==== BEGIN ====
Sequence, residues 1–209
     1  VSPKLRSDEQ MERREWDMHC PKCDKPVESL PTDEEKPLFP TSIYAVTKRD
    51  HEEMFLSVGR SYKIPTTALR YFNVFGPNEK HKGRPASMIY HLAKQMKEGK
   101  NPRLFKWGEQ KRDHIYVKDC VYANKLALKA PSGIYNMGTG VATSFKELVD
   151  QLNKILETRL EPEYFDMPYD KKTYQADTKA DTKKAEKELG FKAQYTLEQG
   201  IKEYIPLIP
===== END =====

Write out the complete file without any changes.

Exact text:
Sequence, residues 1–209
     1  VSPKLRSDEQ MERREWDMHC PKCDKPVESL PTDEEKPLFP TSIYAVTKRD
    51  HEEMFLSVGR SYKIPTTALR YFNVFGPNEK HKGRPASMIY HLAKQMKEGK
   101  NPRLFKWGEQ KRDHIYVKDC VYANKLALKA PSGIYNMGTG VATSFKELVD
   151  QLNKILETRL EPEYFDMPYD KKTYQADTKA DTKKAEKELG FKAQYTLEQG
   201  IKEYIPLIP